Smart tiers

Last night I posted a brief comparison on the MA cost control bills. In the comments, Mike asked about “smart tiers”

First of all, let’s just acknowledge the marketing. Who wouldn’t want socks made with “Smart Wool?” Why eat plain popcorn when you can have “Smart Food?” And now we have “Smart Tiers” in health plans.  Brilliant idea (or, dare I say, smart?)

Second, who gets credit?  It appears that this term was invented right here in Boston (the relevant Google results are all local). Our friends at WBUR’s  CommonHealth attribute the term to House Rep. Steve Walsh and Harvard KSG economist Amitabh Chandra.  (prior “dumb tier” coverage here)

Third, what does the House Bill do?  (full pdf here)

  • Health plans can offer differential co-pays, based on the cost and volume of the service
  • The hope is that consumers will vote with their feet and go to the less expensive facility for that MRI
  • In time, this undermines BigHealthSystem market power and partially unbundles their services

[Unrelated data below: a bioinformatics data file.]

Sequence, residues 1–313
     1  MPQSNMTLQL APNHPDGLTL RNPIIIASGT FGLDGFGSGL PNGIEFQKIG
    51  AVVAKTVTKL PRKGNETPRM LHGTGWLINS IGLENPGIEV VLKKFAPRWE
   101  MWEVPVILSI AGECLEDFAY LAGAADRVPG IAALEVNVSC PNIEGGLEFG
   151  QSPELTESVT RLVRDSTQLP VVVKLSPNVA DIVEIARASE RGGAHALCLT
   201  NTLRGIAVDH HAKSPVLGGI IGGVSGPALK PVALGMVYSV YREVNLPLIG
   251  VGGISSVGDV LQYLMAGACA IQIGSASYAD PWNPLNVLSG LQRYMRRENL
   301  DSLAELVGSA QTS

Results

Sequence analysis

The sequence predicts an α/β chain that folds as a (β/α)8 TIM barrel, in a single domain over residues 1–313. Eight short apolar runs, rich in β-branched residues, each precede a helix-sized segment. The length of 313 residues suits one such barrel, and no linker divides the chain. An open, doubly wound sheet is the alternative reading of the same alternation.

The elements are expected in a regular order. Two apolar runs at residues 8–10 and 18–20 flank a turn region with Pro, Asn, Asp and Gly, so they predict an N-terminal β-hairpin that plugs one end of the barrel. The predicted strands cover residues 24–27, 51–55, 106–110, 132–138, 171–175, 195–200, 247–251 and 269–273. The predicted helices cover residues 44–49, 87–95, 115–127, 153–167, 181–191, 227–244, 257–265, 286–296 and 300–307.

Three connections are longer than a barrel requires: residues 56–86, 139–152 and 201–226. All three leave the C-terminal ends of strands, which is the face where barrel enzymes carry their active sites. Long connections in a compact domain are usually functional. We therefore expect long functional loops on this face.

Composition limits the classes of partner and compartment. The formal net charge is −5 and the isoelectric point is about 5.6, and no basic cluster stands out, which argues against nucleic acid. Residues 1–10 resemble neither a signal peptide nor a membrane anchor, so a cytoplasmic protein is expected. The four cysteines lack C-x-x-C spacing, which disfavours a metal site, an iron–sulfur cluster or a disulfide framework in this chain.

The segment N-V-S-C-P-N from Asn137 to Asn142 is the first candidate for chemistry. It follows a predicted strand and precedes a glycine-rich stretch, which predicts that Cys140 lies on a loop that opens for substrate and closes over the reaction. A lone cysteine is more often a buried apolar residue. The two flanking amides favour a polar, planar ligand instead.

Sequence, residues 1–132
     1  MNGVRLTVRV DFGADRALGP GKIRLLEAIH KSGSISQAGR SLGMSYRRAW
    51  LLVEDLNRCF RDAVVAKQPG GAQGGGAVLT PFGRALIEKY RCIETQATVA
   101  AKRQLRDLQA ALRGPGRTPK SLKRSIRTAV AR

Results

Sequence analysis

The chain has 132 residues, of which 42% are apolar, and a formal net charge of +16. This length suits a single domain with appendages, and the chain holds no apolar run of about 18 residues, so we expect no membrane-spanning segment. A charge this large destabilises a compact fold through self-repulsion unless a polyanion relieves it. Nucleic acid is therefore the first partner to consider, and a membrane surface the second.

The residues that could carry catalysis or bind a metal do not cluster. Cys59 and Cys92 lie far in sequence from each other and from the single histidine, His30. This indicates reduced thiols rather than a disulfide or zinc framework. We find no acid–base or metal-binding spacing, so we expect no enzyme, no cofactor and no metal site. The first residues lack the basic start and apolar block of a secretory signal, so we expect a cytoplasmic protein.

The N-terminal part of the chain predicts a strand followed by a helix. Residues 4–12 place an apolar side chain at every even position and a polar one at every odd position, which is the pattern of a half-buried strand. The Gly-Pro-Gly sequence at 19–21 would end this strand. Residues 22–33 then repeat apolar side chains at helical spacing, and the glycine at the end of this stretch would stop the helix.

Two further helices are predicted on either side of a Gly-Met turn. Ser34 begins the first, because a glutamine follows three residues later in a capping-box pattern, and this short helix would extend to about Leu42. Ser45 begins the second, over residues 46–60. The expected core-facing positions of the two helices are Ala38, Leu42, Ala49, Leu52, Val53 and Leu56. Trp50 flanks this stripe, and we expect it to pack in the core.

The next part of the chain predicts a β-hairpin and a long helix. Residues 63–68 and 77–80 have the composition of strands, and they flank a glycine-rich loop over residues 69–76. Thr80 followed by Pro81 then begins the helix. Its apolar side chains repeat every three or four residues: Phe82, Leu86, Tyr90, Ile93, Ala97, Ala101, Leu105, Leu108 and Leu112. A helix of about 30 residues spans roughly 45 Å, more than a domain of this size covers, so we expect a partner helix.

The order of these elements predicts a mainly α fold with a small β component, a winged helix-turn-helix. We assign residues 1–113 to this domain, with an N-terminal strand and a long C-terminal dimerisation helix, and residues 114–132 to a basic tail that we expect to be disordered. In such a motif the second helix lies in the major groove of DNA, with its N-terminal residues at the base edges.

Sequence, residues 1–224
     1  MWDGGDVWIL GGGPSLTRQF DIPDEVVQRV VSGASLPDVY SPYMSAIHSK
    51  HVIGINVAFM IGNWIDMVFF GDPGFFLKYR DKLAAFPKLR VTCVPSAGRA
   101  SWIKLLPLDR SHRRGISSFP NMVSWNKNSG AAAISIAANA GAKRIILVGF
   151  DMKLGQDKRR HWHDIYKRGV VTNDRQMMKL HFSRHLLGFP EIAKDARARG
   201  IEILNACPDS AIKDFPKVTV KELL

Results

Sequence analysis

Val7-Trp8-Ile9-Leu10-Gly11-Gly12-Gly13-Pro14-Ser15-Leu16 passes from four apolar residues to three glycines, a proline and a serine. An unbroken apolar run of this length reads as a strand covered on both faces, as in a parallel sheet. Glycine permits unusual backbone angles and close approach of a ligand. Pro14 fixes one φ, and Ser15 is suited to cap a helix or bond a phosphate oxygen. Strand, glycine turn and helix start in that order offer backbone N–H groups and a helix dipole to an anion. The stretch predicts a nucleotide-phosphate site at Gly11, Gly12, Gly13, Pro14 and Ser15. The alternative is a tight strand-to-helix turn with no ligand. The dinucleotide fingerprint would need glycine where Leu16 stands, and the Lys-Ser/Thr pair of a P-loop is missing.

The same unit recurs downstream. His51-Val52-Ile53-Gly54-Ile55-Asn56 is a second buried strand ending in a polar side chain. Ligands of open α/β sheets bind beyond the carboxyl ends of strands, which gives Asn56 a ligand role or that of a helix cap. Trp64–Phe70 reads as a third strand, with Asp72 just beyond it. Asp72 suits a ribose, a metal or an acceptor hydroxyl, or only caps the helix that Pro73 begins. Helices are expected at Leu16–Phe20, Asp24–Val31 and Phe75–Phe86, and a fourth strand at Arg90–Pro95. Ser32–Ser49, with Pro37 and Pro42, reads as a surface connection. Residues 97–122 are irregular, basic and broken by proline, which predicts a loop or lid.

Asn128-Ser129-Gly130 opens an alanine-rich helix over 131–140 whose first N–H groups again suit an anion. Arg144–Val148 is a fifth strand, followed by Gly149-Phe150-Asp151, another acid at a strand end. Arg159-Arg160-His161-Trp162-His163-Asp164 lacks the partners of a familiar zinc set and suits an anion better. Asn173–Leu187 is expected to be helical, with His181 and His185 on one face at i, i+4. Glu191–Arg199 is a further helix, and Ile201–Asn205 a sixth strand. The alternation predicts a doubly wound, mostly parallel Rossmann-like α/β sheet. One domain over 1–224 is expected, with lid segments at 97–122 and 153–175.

• All of the above with actual market forces instead of government diktat

Fourth, who does it apply to?

  • Most of the Smart Tier provisions are limited to the small group insurance market
  • MassHealth (Medicaid),  the Connector, and other state plans can also use Smart Tiers
  • ERISA plans don’t need the State’s permission to try Smart Tiers
  • Short answer:  potentially, everyone except Medicare (for now)

Expect BigHealthSystems to attack this idea. Cautious Boston Globe editorial here; previous TIE coverage on insurance market power here (FAQ) and here (Academy Health blog).

Other smart things:  water; guns; toilets, and candy.


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